My last post might get one to thinking that I am down on Humanity. This was not my intent. It's simply an explaination why so many efforts that start out with the best of intentions go wrong. Human history is full of institutions that are created for good reasons, but still these institutions eventually becaome a problem in their own right. Why? Because they get big. As the size goes up, the effort required to fight the effects predicted by Chaos Theory increase. Eventually there is too much force, or too little resistence and they fall. Many remain fallen, some are reborn by a new vision and a new resistence. So what are we to do? The secret is to keep things small. It is difficult to hide sloth or greed in a group of 5 or 10 people. As I said before these issues are hard to resist in an organization of hundreds or thousands. So we should look to create organizations that have a few members, say less than 100. We should focus on small business, local government, etc. It is in these organizations that innovation often occurs. These organizations are often closer to the problem and therefore can respond in a more surgical way. Understand that this is not the most efficient approach. Small businesses tend not to make as much money. Passing laws at the local level is often just as much work as passing a law at the State level with substantially less pay off. Still, I believe this is where our thgoughts and time should be focused. Of course, to really make this work there needs to be an effort to return control the the local governemnts. More on that another time.
Tanks for your support Pat O _ _ _ /*\== /*\== /*\== <ooo> <ooo> <ooo>
As I call my blog Current Chaos I though it is appropriate to share my ideas about how chaos theaory and human organization come together. I should start by pointing out that I am niether an expert in chaos theory or organizational theory. I am a computer geek. I work in a cube. I prefer the company of my computer to most anyone outside of my immediate family (I love my wife and daughters very much, just in case they decide to read this :-). In my spare time I write software for free, or design, build and program robots. By now you should be getting the picture that I really am a geek full time. Still, I do look up from the monitor every now and again. One thing likely to get my attention is science. In particular any sciencentific news that effect how people look at problems. I see a lot of similarity between the scientific method and developing software. Therefor I am always interested in how scientist think about the world, and how they present the complex systems they are trying to understand. So when I heard about Chaos Theory I figured it was worth a look. One aspect of chaos theory as I understand it is that complex systems are expected to show the traits shared by most of thier parts. That is not to say the average behaviour, but that the most common traits will show through. One way to think about this is to imagine a box full of Mexican Jumping Beans. For those that do not know, Mexican Jumping Beans are beans that spontaneously "jump" about a quarter inch into the air. The direction of the jump is essentially random (it's actually chaotic, but that is a discussion for another article). So you can imagine a box full of beans bouncing up and down in random directions, the result of that movement would be a pretty even spread of the beans throughout the box. Now if we introduce a trait to the jumping, say by lifting one side of the box an inch, obviously we would expect the beans to collect at the low side of the box. This is true even though some of the beans would make pretty good headway toward the highside of the box, eventually most of the beans would be at the low side. Now let's consider something more interesting than a box of Mexican Jumping Beans, (not that I have any issues with Mexican Jumping beans mind you :-) let's consider an organization. The parts of an organization are people. No matter how else you think of an organization being put together, ultimately they are made up of people. So what traits, if any, do people share. This is where my Christian beliefs come into play. As a Christian I believe that all people have a fallen nature, that is that all people are sinful by nature. This is not to indicate that I have lost all faith in my fellow man. I know and work with a number of people that are honest, hardworking folks. Still the traits that are shared by most people are the seven deadly sins. The sin nature of people would naturally be the common trait. What would we expect given this hypothesis? To answer that lets ask a different question. How would you describe most organizations? Large corporations, governments, any other large organizations, are typically described as selfish, greedy, mean and even cruel. This is unfortunately what this hypothesis expects. The sinful nature of human beings comes out as the number of humans involved increases. So small organizations good, big organizations bad.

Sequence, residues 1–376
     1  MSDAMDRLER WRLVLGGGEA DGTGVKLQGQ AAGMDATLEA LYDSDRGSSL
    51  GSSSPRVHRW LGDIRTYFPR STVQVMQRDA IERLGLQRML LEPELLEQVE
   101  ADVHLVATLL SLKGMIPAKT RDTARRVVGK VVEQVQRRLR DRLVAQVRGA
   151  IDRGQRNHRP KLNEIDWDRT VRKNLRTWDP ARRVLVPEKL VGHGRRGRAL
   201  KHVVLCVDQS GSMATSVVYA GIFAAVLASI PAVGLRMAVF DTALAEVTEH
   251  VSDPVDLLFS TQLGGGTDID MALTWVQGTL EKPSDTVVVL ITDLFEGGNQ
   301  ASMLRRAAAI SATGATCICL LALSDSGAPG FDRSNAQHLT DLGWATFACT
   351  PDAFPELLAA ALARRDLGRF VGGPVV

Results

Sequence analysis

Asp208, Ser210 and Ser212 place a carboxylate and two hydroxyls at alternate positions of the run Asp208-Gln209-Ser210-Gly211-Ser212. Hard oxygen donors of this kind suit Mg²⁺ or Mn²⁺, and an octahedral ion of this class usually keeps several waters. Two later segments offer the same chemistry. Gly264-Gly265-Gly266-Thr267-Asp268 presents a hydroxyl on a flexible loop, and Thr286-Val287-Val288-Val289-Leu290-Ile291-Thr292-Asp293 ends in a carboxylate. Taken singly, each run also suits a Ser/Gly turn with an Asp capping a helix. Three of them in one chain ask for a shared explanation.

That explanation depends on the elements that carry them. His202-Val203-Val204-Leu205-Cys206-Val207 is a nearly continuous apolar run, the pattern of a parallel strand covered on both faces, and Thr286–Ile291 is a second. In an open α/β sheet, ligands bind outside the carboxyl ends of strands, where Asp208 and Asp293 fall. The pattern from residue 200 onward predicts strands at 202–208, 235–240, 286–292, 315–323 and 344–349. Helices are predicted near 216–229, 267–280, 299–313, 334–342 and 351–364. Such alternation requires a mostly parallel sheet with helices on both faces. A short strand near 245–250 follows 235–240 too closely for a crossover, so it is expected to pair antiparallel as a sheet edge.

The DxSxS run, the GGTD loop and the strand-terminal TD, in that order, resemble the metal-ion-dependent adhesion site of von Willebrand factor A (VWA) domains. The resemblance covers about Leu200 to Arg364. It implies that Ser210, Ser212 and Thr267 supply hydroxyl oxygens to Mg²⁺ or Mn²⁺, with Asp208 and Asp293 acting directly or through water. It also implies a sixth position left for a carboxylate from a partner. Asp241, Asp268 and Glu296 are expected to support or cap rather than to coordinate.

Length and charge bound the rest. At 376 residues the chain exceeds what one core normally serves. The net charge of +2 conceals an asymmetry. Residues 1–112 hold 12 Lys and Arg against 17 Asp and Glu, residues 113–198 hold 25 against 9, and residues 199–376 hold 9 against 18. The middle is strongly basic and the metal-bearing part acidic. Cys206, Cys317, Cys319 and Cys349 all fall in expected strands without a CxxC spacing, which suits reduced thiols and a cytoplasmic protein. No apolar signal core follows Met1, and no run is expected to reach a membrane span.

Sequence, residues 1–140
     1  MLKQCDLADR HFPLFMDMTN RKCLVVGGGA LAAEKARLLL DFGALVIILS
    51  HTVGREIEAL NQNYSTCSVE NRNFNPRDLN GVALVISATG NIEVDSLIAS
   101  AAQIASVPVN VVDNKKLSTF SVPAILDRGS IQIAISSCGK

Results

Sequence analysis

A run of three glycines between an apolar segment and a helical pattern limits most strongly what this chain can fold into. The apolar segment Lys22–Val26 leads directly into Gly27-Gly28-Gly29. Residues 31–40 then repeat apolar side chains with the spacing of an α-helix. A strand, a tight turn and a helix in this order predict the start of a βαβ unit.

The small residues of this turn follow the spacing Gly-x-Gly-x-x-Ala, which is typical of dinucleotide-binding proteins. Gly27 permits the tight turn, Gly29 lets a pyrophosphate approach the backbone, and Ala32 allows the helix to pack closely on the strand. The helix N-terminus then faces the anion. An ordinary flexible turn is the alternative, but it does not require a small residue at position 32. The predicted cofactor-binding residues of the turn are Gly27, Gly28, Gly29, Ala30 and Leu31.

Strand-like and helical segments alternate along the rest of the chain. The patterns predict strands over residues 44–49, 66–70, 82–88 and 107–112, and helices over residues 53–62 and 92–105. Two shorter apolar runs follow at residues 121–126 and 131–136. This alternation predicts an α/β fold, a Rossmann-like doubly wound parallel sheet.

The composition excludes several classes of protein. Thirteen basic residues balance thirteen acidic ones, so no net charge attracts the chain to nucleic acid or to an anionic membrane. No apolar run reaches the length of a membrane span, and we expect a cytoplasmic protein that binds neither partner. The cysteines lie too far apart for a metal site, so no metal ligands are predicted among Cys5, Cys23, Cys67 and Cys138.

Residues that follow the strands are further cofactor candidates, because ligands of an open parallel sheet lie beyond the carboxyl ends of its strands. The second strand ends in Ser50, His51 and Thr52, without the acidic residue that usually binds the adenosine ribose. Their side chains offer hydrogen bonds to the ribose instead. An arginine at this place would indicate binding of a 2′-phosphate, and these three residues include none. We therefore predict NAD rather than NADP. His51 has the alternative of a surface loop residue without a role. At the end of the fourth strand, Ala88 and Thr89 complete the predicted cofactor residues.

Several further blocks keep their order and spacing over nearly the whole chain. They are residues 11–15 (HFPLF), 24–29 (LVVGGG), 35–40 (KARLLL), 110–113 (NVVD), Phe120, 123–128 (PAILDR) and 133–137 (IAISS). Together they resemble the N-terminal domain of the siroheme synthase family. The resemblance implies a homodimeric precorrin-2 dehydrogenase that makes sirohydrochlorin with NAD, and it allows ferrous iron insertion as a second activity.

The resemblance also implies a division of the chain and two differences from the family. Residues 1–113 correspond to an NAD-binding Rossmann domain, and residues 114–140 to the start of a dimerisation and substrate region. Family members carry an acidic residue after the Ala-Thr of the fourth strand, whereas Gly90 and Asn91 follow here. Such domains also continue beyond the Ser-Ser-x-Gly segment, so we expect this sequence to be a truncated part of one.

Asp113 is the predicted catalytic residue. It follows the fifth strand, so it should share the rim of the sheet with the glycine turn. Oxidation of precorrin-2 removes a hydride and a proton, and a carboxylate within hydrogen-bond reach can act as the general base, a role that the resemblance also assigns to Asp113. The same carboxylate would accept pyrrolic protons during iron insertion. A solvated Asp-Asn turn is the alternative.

Well that's sure to be controversial, but then I have never been afraid of controversy.
In honor of talk like a Pirate day earlier this week my daughter suggested I get a Priate name. Here it is:
My pirate name is:
Iron Sam Rackham
A pirate's life isn't easy; it takes a tough person. That's okay with you, though, since you a tough person. You have the good fortune of having a good name, since Rackham (pronounced RACKem, not rack-ham) is one of the coolest sounding surnames for a pirate. Arr!
Here you will find the wondering and chaos that is my current thought process. I also hope to post ideas about a Tactical Turn Based Hex Map war game engine that I will likely call smallwarz. In between look for the occasional diatribe about the insanity that is the software industry. Hopefully it will prove useful, entertaining, or ideally both.
I grew up in Silicon Valley (Santa Clara Valley), in California. I have been working in and around computers my entire life. I mean that part literally. I started out helping others build computers at about 8 or 9 years old. I had a steady hand with a soldering iron. I started programming in 7th grade. I am very interested in information, it's uses and abuses.